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Fermentations of glucose and cellobiose by control strain 102CT (hollow symbols) and recombinant yeast 102SB (solid symbols). (A) Aerobic fermentation of glucose. (B) Oxygen-limited fermentation of glucose. (C) Aerobic fermentation of cellobiose. (D) Oxygen-limited fermentation of cellobiose. The symbols: *, cellobiose (control); ×, cellobiose (102SB); ▲ or △, glucose; ● or ○, ethanol; ■ or □, acetate; ◆ or ◇, glyceol.
Fermentation profiles from batch cultivations of theS. cerevisiaerecombinant strains on glucose and cellobiose.
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aMaximum specific growth rate. bThe specific sugar consumption rate (g/g DCW/h).
- Simultaneous Saccharification and Fermentation of Avicel
The SSF characteristics of the recombinant strain were assessed using either the commercial cellulase from Genencor or the cellulase directly from T. reesei T1 fermentation broth. We found that the ratio of β-glucosidase activity (BGL) and filter paper activity (FPA) in the commercial cellulase was 7.3 and the major hydrolysis end product of Avicel was glucose. However, the ratio of BGL and FPA in cellulase directly from T. reesei T1 fermentation broth was only 0.53, and the main hydrolysis end product of Avicel was glucose and cellobiose.
SSF of 102SB and 102CT was performed using Avicel as the sole carbon source and supplementing with 30 IU/g Avicel cellulase [31] . As observed in Fig. 3 A, no difference of the final ethanol concentration was found (~8.2 g/l) in the two strains in the presence of commercial cellulase, indicating that the activity of β-glucosidase in commercial cellulase is abundant for Avicel hydrolysis. However, for T1 cellulase, 102CT showed low cellulosic ethanol production (~4 g/l) and had obvious cellobiose accumulation. In contrast, the ethanol concentration of 102SB increased to 2.1-folds (~8.2 g/l). The cellobiose generated from Avicel hydrolysis in 102SB was consumed much faster than the control strain, indicating that the conversion of cellobiose to glucose is a limiting step in cellulosic SSF and the cellobiose fermentation capability of the yeast strains could enhance the efficiency of the cellulose hydrolysis ( Fig. 3 B). We also found that the ethanol production of 102SB by using two kinds of cellulase was similar, showing that in the recombinant strain, the hydrolysis of cellobiose was not a bottleneck for the production of relatively high ethanol concentrations from Avicel in the SSF process.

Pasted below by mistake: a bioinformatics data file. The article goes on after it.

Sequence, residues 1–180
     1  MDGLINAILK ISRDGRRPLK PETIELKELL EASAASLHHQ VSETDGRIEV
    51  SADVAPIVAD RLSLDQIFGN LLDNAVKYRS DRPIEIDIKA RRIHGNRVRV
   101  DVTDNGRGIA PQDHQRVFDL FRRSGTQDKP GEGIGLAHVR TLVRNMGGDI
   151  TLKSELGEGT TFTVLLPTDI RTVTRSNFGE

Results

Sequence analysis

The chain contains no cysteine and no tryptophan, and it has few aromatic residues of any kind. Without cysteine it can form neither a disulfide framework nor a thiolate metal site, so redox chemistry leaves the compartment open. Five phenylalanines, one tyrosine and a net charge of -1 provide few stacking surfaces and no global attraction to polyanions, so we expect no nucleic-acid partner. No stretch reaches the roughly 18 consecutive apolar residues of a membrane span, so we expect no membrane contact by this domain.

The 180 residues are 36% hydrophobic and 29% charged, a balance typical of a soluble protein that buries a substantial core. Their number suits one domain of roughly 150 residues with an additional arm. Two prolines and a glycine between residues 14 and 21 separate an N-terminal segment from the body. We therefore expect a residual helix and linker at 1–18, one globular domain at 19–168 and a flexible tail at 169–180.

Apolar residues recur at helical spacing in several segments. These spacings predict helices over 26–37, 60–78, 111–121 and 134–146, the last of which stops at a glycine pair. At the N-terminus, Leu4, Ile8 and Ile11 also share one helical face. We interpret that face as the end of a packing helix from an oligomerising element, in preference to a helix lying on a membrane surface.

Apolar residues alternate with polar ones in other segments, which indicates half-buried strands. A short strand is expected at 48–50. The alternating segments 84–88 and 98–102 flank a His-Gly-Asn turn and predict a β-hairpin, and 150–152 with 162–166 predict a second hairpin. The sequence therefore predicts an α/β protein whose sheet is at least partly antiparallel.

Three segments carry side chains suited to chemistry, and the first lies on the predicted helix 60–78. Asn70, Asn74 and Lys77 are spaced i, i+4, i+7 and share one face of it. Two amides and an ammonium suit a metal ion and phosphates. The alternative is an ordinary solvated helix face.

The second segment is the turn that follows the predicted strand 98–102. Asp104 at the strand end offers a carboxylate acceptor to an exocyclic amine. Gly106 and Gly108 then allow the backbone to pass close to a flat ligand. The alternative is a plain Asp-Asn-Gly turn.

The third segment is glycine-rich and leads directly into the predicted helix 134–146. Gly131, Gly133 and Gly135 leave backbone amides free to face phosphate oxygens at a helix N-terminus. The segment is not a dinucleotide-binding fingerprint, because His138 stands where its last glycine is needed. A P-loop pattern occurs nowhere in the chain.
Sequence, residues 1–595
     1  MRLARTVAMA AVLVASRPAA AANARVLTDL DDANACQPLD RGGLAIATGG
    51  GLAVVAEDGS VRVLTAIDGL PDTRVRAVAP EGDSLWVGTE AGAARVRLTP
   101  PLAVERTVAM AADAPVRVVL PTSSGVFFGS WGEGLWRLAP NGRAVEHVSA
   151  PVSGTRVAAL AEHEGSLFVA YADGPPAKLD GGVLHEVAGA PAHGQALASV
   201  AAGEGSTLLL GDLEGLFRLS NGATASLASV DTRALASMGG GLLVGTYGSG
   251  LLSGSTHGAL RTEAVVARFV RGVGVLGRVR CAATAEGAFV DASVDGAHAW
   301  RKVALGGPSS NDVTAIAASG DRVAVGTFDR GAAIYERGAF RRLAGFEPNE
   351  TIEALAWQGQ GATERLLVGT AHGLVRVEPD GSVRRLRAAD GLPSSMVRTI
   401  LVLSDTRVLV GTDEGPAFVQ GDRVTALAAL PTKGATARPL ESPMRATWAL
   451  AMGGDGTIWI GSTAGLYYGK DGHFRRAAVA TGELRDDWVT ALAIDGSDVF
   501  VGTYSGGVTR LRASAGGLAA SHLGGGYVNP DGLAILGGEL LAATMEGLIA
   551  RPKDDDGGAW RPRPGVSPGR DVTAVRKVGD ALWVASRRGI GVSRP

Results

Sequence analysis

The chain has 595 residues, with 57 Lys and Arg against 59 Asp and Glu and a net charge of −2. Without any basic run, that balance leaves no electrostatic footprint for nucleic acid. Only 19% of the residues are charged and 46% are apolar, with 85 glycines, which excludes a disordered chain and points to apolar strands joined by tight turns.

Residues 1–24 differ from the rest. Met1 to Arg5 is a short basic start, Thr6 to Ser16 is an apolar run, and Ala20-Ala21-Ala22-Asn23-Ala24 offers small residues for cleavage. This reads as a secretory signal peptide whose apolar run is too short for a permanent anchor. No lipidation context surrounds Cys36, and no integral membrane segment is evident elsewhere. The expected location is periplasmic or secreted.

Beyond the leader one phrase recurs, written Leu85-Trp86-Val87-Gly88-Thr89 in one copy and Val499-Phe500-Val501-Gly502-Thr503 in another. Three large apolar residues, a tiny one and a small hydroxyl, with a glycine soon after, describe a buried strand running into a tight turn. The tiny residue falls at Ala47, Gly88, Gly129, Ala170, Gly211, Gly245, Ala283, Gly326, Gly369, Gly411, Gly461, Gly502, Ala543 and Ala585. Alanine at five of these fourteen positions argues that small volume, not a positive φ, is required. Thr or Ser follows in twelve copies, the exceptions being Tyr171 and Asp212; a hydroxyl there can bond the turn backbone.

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SSF of control strain 102CT (hollow symbol) and recombinant yeast 102SB (solid symbol) with Avicel under oxygen-limited condition. (A) Genencor cellulase; (B) T1 cellulase. The symbols: ■ or □, cellobiose; ▲ or △, glucose; ● or ○, ethanol.
- Simultaneous Saccharification and Fermentation of Acid-Pretreated Corncob
To evaluate the fermentative performance of 102SB, the lignocellulose SSF was carried out in oxygen-limited condition using 80 g/l acid-pretreated corncob and 25 IU T1 cellulase per gram substrate. As shown in Fig. 4 , 102CT showed obvious cellobiose accumulation, while 102SB showed much faster consumption of cellobiose and glucose produced from the lignocellulose. The ethanol titer of 102SB reached to 21.5 g/l within the 96 h, 89% higher than 102CT. The residue sugar in the biomass was 9.4 g/l and the ethanol yield of 102SB was 0.40 g/g consumed sugar. However, in the SSF of 102CT, the residue sugar in the biomass was 33.1 g/l, which demonstrated S. cerevisiae with high β-glucosidase secretion can significantly improve the efficiency of simultaneous saccharification and cellulosic ethanol conversion.
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SSF of lignocellulose by T1 cellulase under oxygen-limited condition. (A) Control strain; (B) Recombinant yeast 102SB. The symbols: ■, cellobiose; ▲, glucose; ●, ethanol.